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Green burials have become increasingly popular in recent years. Founded on the belief that death care practices shouldn’t be harmful to the environment, green, or natural, burials aim to leave minimal environmental impacts. In fact, many people who consider green burials take into consideration processes of burial that conserve resources, protect workers from potentially harmful chemicals, and reduce carbon emissions so that they can contribute to the restoration and preservation of natural habitats.

Numerous routes can be taken when approaching green burial, but most have a few common factors. For example, burials are typically considered green if non-toxic, biodegradable materials are used for burial, if harmful chemicals are not used during embalming, and if the casket is not covered by a concrete vault. In addition, many who choose green burials forgo traditional concrete headstones or grave markers and choose to mark graves naturally with trees, plants, or field stones.

Is Green Burial Common?


The rise in green burials is likely a result of the growing rise in environmental awareness. A 2015 survey by the Funeral and Memorial Information Council revealed that interests in green burial had gone up 11 percent in five years, with more than 60 percent of respondents indicating some interest in green burials. The rapid rise in interest in green burials is evidenced by the Green Burial Council’s list of certified providers in North America, which has grown from 1 in 2006 to more than 300 as of 2017, operating in 41 states and 6 provinces of Canada (this includes funeral homes, cemeteries, and product providers). Please note that green burial options are not available in every state.

Is Cremation Considered Green?

Although the cremation process reduces land use, the practice is not considered green by either the National Funeral Directors Association or the Green Burial Council because cremation can potentially emit harmful substances, such as mercury, into the atmosphere. In addition, cremation burns fossil fuels, a non-renewable resource, and some argue that cremation impedes the body’s natural decomposition, preventing the natural ecosystem from benefiting from it.

The chemical process known as alkaline hydrolysis, which dissolves soft tissues leaving bone fragments and metals behind, produces similar remains as cremation and is considered to be more environmentally friendly. However, the option is not widely available nor legal in most states, and it is costly compared to cremation.

How Do I Ensure My Burial Is Environmentally Friendly?


Like the everyday choices we make regarding our impact on the environment (recycling, composting, carpooling, etc.), green burial presents many ways that end-of-life choices can contribute to the preservation of our environment. Green burial options range from preserving cremated remains in eco-friendly urns, to service providers that only use natural materials (such as pine and wicker) to produce caskets. At first, the environmentally-friendly options may seem limitless, but the Green Burial Council considers certain practices best when planning and implementing a minimally invasive burial:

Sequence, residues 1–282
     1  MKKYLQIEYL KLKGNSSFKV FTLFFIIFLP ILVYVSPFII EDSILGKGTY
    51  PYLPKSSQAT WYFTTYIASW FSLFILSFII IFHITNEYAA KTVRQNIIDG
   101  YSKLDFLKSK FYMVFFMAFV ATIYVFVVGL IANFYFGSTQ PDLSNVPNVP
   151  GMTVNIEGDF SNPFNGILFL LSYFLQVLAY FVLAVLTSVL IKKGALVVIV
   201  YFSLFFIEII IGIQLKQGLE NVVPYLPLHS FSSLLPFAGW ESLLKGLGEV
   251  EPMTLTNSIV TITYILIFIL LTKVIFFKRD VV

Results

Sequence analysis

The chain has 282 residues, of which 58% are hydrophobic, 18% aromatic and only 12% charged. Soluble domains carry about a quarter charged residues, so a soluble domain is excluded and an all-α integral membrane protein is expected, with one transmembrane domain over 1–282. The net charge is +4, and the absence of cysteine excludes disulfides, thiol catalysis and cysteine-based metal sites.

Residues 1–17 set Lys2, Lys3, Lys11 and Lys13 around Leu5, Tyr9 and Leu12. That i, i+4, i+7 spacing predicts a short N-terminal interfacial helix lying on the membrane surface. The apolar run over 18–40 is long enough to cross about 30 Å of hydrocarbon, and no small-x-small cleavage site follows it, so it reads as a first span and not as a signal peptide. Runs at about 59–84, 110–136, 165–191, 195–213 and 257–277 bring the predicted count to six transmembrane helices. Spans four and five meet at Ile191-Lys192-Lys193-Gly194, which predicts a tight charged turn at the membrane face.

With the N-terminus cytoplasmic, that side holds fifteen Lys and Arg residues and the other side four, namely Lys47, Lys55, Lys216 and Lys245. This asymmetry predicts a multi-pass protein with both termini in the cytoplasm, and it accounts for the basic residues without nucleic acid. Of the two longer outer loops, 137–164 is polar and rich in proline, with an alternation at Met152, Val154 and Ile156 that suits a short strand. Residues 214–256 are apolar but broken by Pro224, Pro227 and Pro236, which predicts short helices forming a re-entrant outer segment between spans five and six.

• No Toxic Chemicals
    First, body preservation should not include any harmful or toxic embalming chemicals. Instead, refrigeration, dry ice, or eco-friendly embalming fluid should be considered. If planning ahead, be sure that your funeral will be held in a relatively short period of time, as refrigeration can be expensive.
  • Biodegradable Burial Materials
    Second, coffins, caskets, and shrouds made of biodegradable substances like bamboo, wicker, silk, or hemp should be used instead of modern materials such as metal or concrete. Wood that is sustainably harvested is also a good option.
  • Avoid Concrete Vaults
    Third, concrete grave liners and vaults should be avoided if possible. Many cemeteries require vaults to prevent the ground from sinking over time, however the manufacturing and transporting of vaults causes carbon emissions and uses great amounts of energy. There may not be a green cemetery or natural preserve in your area, so you may consider placing a biodegradable casket in contact with the earth and installing the vault upside down (without a lid) over the casket. This allows the casket to degrade naturally, while preserving the cemetery’s landscape.
  • Natural Grave Markers
    Many green cemeteries or natural preserves suggest the use of natural objects as grave markers (such as trees, shrubs, perennial flowers, or rocks). Unlike concrete monuments, natural markers preserve the integrity of the surrounding environment and reduce the use of concrete or other resources for large monuments. Many cemeteries provide GPS location so that a loved one’s grave can be easily found, and choosing a natural marker ensures that your last act gives back to the earth in a modest yet lasting way.

Where Can I Find More Information?


For more information regarding green burial, be sure to refer to the Green Burial Council website, which shares other information regarding green burials, or The Natural End, which provides a map listing natural burial providers in Canada, the United States, the United Kingdom, Europe and Australia.

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